Definition of “your” - English Dictionary

“your” in British English

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uk strong /jɔːr/ weak /r/ us /jʊr/ //


A1 belonging or relating to the person or group of people being spoken or written to:

Is this your bag?
It's not your fault.
Your mother is driving me crazy.
What's your problem?

More examples

  • Put your toys away now - it's time for bed.
  • Are you still in touch with any of your old school friends?
  • Shall I top up your drink?
  • The green of your scarf tones in with your shoes.
  • I'm sorry I forgot to mention your name. I just wasn't thinking.

your determiner (PEOPLE GENERALLY)

B1 belonging or relating to people generally:

Of course you want the best for your children.
Garlic is good for your blood.

informal said before a typical example of something is given:

This isn't your usual science fiction novel, but then Brinkworth isn't exactly your typical author.

More examples

  • After you've had a baby you lose the muscle tone in your stomach.
  • The blurb on the back of the book says that it 'will touch your heart'.
  • This is the easiest way to top up your mobile phone card.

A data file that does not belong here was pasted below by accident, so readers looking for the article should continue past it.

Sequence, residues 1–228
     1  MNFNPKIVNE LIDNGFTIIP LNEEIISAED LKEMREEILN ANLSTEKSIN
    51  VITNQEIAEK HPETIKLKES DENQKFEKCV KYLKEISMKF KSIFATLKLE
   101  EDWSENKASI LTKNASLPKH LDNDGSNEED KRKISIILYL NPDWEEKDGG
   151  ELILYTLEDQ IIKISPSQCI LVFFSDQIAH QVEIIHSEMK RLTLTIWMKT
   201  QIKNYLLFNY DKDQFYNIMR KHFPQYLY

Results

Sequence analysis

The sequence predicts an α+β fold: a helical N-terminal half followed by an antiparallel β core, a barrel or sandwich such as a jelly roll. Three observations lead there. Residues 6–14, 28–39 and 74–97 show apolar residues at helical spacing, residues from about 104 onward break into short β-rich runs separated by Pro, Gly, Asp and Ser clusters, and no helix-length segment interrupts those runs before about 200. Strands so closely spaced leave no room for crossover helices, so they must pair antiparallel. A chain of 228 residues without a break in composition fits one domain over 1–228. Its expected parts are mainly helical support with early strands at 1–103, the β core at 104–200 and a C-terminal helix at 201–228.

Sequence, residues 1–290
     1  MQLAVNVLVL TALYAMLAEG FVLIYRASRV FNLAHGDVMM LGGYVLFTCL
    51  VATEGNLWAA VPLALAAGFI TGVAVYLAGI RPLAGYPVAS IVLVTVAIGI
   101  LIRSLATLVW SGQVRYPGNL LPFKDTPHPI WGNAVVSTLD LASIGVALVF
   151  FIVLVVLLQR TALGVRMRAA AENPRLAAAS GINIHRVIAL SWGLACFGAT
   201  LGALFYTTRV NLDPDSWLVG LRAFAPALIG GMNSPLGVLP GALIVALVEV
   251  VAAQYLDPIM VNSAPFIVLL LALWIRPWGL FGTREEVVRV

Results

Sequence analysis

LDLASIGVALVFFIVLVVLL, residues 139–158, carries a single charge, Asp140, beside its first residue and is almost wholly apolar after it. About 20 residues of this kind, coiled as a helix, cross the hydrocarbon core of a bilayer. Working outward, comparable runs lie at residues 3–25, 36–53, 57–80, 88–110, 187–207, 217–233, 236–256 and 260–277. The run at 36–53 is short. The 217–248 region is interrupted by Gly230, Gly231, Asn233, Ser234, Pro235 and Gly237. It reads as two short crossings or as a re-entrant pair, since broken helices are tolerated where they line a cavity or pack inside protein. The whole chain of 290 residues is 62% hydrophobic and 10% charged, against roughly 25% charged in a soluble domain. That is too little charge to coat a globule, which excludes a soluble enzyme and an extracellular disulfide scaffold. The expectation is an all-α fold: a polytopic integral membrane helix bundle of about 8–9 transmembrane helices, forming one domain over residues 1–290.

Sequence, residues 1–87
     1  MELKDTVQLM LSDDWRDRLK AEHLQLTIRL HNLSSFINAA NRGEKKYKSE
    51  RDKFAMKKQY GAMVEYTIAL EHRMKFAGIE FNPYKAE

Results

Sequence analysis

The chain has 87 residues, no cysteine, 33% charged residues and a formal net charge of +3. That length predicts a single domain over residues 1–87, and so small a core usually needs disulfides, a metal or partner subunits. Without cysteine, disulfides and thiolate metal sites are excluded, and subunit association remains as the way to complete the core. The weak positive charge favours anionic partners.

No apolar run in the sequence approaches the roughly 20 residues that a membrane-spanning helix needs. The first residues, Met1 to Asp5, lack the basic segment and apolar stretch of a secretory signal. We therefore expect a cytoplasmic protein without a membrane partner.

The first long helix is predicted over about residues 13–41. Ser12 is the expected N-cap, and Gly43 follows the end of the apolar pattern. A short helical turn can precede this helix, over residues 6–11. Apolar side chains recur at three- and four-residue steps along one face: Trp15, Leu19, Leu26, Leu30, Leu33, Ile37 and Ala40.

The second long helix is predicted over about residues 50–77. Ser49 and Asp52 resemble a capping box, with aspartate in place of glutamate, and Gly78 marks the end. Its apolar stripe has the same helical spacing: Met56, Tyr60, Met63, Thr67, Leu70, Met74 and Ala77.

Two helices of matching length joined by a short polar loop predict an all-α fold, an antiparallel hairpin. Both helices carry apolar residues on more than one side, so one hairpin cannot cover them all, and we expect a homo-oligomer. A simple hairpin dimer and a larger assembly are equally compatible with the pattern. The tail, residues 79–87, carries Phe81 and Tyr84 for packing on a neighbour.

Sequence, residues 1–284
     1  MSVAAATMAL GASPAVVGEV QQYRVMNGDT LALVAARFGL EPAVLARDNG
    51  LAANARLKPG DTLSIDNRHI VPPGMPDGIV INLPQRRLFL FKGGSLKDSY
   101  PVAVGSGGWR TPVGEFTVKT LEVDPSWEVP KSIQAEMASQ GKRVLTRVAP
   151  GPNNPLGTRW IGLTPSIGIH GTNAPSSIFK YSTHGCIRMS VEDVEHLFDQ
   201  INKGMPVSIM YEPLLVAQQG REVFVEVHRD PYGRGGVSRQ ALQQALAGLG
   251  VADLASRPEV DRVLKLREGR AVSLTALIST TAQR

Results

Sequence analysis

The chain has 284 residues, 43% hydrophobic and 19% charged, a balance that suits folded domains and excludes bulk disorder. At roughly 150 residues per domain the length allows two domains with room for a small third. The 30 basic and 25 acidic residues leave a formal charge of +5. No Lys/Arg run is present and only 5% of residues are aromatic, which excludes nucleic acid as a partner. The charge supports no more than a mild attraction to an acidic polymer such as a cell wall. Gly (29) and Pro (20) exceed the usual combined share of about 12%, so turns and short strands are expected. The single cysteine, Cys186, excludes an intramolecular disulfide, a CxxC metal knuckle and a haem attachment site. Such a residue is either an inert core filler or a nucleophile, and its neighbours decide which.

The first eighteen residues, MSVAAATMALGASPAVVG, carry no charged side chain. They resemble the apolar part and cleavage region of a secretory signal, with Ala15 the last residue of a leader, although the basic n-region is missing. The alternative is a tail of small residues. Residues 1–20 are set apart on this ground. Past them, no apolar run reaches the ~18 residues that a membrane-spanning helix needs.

• On the plane, the flight attendant brings you a towelette after your meal.
  • A good diet and plenty of exercise will help you to keep your body healthy.

(Definition of “your” from the Cambridge Advanced Learner's Dictionary & Thesaurus © Cambridge University Press)

“your” in American English

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us /jʊər, jɔr, jər/

your pronoun (BELONGING TO YOU)

belonging to or connected with the person or people being spoken to; the possessive form of you:

Is this your umbrella?
Let’s take your car because it has more room than mine.

your pronoun (OF PEOPLE GENERALLY)

belonging to or connected with any person or people generally:

Exercise is good for your health.


(Definition of “your” from the Cambridge Academic Content Dictionary © Cambridge University Press)

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